"The White House assumption that only the Syrian government could have used chemical weapons is false," Phil Giraldi, a former CIA case officer and US Army intelligence officer, said on Wednesday.
This attack is consistent with an established pattern of the use of poison gas by both Daesh and Nusra Front, the Syrian franchise of al-Qaeda, going back at least four years, Giraldi recalled.
"There have been a number of instances where the Islamic State or Nusra Front have used chemicals, including 2013 at Goutha and the most recent episode in Iraq," he said.
US investigative reporter Seymour Hersh had had uncovered evidence that more sophisticated poison gases, including Sarin, detonated in the Syrian village of Khan Shaykhun on April 4, may have been supplied by Turkish intelligence to Daesh, Giraldi recalled.
"According to Seymour Hersh, rebels in Syria may also have obtained more sophisticated chemical agents to include Sarin from the Turkish intelligence service but chlorine and mustard gas are relatively easy to produce as is gas from phosphorogenic sources such as fertilizer," he said.
Giraldi predicted that President Donald Trump’s rash action in immediately blaming the Khan Shaykhun attack on the Syrian government and then attacking Syria with cruise missiles could only serve to encourage the Islamic State to use the tactic again, knowing that Damascus was likely to be blamed for it.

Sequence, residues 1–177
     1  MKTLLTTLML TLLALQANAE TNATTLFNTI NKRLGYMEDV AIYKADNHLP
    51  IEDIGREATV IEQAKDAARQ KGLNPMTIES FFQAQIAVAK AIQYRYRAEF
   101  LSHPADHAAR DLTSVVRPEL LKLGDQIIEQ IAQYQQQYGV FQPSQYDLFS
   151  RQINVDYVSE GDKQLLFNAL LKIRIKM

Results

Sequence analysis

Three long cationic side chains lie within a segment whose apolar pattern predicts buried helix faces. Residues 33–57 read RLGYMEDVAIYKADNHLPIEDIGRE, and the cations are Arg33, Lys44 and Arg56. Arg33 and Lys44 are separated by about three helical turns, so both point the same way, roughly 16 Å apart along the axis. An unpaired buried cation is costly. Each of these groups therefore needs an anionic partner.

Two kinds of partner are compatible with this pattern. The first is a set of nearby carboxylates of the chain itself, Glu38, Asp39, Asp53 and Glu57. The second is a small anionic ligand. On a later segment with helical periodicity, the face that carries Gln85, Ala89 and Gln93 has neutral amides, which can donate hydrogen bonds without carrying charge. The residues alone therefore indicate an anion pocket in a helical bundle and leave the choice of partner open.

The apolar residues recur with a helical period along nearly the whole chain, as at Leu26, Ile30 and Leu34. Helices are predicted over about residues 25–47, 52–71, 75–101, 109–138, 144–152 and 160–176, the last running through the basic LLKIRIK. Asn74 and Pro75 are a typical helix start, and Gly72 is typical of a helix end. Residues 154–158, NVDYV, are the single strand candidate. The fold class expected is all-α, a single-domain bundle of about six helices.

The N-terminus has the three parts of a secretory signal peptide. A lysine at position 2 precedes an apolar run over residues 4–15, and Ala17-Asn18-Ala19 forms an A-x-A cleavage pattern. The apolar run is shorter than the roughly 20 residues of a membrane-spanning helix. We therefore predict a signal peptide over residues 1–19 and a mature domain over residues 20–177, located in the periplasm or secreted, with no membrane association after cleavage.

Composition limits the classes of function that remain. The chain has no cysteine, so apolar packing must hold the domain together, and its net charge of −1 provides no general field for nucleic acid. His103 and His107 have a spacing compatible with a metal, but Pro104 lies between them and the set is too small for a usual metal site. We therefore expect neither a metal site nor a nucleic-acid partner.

The US government needed to focus on its stated primary purpose of destroying the Islamic State and work closely with Russia and Syria to do so, Giraldi advised.
"The only solution is to support the Syrian Army in its efforts to defeat and eliminate the Nusrah Front and Islamic State," he added.
However, to achieve this, effective ground forces were necessary as the use of air strikes either by manned bombers or unmanned aerial vehicles or drones alone could not complete the task, Giraldi cautioned.
"Cruise weapons or drones cannot accomplish what infantry on the ground can do," he said.
Philip Giraldi is executive director of the Council for the National Interest, a group that advocates more even-handed US government policies in the Middle East.